Monday, April 16, 2007

Temple of Cinema: Uptown Chicago

Originally uploaded by primeau.
There are some decent photographs on Flickr of Rapp and Rapp's Uptown Theater. One has to wonder, what on earth can you do with a building so obsolete as the Uptown, but one look at the lobby (in photo), and you can see why people are still interested. This is the largest theater in the United States (excluding converted stadiums).

I have been involved with the Uptown for nearly 10 years now, and given up on it many times. Re-use of the facility is not a matter of economics, since the neighborhood has genetrified, leaving only the bruised beauty of the Uptown to scar the neighborhood. Fixing the property could actually make money now. The issue, as usual in Chicago, is the wicked group of crooks preventing gentrification, as part of some time honored testament to graft, incompetence, and petty tyranny of the local Aldermen.

While it is still standing, enjoy it. It is open every now and then to the public. The owners, or whoever has the key will rent it out for a reasonable price.


Primo said...

1. There are amazing photographers on Flickr.

2. I was unaware of the Architect but after reviewing his Chicago Area churches, concluded, yes, this is a typical masterpiece. We can thank the 300 candlelight protestors in 1999 for preventing its demolition.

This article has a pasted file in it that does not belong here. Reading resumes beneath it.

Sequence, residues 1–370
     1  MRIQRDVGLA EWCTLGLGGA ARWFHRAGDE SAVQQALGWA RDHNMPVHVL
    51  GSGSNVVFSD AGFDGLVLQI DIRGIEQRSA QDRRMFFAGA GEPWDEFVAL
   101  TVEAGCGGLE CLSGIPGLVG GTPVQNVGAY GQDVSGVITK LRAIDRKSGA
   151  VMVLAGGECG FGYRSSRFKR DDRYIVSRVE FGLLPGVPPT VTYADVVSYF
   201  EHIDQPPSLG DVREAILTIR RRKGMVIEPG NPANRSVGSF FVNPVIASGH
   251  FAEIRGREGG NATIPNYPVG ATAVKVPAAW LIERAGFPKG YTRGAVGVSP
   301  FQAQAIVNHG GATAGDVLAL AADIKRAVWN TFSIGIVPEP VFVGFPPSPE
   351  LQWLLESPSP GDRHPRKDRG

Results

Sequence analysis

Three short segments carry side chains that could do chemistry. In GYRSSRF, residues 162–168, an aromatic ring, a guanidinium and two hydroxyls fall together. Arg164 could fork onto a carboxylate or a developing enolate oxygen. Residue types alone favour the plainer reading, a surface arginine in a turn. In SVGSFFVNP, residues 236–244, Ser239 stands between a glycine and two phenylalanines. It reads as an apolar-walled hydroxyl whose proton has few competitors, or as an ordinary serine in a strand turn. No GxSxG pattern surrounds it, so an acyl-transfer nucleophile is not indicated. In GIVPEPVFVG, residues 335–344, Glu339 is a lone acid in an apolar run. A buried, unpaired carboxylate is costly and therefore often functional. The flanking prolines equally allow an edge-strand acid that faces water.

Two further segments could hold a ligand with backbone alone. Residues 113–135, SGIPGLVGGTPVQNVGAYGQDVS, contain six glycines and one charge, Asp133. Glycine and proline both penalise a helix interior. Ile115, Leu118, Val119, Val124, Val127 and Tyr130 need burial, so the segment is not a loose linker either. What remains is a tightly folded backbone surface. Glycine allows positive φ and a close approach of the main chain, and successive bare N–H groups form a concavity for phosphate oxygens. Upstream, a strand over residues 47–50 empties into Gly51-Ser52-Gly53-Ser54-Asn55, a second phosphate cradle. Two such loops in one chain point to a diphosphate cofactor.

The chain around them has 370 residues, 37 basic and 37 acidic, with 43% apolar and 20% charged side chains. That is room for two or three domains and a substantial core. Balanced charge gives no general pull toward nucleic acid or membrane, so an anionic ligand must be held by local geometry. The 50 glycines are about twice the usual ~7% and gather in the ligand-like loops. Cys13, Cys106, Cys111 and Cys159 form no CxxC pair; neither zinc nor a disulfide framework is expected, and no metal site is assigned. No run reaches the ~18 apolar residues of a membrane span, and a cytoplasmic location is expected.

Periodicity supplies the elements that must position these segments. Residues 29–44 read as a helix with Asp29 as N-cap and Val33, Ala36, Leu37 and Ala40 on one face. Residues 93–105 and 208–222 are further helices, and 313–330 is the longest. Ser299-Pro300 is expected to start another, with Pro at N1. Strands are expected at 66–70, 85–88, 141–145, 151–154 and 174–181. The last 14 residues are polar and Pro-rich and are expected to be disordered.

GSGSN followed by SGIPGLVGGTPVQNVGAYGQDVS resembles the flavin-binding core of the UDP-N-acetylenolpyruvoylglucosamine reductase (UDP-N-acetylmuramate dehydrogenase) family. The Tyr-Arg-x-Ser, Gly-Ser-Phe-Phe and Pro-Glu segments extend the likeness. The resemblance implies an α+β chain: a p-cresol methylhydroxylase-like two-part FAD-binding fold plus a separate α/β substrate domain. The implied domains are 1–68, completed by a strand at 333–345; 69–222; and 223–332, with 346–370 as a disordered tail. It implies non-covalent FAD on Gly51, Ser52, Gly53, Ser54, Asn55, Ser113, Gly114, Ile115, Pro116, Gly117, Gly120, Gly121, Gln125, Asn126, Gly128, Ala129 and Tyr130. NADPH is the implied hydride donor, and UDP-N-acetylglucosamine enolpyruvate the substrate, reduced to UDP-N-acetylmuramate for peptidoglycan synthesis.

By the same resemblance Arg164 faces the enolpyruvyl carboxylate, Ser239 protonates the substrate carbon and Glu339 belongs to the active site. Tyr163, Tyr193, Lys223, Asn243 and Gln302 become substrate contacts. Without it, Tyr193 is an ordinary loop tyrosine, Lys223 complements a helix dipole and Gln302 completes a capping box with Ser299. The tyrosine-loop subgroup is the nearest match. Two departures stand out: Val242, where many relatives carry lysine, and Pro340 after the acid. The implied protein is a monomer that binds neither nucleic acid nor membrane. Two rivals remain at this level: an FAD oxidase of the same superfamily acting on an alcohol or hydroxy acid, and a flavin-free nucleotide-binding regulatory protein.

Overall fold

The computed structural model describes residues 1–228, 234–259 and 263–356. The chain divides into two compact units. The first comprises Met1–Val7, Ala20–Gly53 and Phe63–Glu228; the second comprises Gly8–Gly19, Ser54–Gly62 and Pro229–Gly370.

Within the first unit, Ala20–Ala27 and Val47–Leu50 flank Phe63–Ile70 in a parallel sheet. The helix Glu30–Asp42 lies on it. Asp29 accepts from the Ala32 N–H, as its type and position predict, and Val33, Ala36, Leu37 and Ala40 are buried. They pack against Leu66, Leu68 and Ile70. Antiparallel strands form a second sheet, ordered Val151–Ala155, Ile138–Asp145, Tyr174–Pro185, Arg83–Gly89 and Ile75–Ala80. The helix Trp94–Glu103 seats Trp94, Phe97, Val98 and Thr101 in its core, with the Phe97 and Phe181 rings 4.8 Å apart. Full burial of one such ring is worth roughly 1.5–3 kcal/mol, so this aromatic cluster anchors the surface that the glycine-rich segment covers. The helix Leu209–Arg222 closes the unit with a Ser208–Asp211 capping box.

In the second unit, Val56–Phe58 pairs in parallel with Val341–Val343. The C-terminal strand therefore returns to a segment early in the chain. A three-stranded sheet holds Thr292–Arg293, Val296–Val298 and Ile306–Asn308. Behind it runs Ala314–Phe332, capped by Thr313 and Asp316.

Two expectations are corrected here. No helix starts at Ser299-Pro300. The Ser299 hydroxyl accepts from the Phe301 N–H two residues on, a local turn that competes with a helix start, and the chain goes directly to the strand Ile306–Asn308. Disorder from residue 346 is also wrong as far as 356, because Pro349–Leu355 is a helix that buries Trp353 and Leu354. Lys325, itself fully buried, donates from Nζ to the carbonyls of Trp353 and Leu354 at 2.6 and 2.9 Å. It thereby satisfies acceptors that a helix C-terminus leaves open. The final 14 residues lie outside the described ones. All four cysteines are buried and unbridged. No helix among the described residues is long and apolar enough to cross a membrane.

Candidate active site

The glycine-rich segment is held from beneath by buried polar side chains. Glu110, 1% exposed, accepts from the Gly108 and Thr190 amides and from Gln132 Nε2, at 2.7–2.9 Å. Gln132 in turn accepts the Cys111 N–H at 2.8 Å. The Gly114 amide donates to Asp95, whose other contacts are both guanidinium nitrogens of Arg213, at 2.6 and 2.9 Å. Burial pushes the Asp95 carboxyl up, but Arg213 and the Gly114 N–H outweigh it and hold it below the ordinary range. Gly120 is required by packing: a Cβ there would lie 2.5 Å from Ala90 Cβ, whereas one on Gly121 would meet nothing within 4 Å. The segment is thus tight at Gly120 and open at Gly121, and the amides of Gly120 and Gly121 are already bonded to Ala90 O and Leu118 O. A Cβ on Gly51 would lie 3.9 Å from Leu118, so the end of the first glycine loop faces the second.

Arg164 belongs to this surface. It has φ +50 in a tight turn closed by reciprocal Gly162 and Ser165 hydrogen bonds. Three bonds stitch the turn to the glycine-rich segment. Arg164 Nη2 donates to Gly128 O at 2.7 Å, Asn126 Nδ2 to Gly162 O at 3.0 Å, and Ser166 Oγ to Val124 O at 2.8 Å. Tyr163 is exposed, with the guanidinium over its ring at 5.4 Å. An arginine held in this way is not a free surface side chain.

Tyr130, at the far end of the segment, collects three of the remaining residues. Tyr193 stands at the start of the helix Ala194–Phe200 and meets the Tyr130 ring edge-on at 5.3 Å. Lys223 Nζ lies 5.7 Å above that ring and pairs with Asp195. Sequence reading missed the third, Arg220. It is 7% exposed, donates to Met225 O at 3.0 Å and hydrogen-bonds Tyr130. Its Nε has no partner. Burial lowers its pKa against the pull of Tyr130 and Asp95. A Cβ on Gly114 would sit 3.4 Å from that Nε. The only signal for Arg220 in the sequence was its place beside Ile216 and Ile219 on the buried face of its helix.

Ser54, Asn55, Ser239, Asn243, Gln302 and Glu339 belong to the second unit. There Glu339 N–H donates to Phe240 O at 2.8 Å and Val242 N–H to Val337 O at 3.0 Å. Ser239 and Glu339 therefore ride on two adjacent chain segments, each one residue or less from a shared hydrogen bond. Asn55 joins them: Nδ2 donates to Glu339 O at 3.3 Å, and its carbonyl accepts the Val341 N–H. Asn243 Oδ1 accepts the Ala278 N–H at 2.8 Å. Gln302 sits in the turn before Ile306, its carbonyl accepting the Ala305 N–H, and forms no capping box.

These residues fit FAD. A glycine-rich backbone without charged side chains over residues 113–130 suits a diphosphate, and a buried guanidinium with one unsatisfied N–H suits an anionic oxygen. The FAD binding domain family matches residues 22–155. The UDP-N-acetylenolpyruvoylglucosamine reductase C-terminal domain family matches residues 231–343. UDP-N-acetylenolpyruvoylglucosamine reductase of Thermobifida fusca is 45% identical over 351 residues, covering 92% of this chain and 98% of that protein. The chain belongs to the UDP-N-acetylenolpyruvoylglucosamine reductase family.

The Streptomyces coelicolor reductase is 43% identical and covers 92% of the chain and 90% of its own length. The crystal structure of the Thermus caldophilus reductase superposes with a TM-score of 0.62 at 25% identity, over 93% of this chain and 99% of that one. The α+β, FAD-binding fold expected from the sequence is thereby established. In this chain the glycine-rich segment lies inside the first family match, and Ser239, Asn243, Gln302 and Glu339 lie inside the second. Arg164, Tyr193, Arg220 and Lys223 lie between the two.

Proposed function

3. It is very dangerous to crawl around old abandoned buildings. The idea of trespassing, though, is usually the least of an explorer’s worries. Riding bikes on streets infested with 2 ton vehicles is probably more risky.

4. I would like to see a selection of images before I come to a conclusion.

5. I am unfamiliar with James Morris but this idea sparks interest for me. If there are any possible collaboration projects looming ahead, feel free to contact me. Any opportunity to record, document, and elaborate on the cultural problems in the United States are always welcomed.

6. I just recently succumbed to this argument when determining the allocation of space for a thesis show. Stupid is a matter of opinion and maybe unnecessary would be a better alternative.

7. Perhaps

8. My commentary is not intended to be a representation of the photographs. In fact, very rarely will I include my descriptive experiences in a more professional setting. As an unknown artist seeking to make a small mark in my community, I connect my photographs with my elaborate narratives to build a stronger base for myself. In other words, if the words lead to the images or vise-a-versa, than so be it. The ultimate goal is to leave an impression with either one. Leaving an impact with both is simply a bonus.

9. Technology is rampant. Industry is dead. My lenses and cameras will soon find a fate similar to the buildings I explore. Until the day when sensors or digital optics can act as bellows, I must deal with a little imperfection.

10. This answer is probably a big fat NO. This is precisely why we need to preserve buildings, complexes and campuses like St. Boniface. We were preached history with words, illustrations and photographs during school, but wouldn’t it be something if we could teach it with surviving artifacts.

As much as you may dislike my words, that’s ok. You must have at least a small appreciation for some of the images you have seen and I am honored to have them associated with your blog. I hope that James Morris and I can meet. Primo

Publia said...

You should organize a field trip to the Uptown for your readers! There used to be a number of these fancy old cinemas in Chicago, but is the Uptown the last?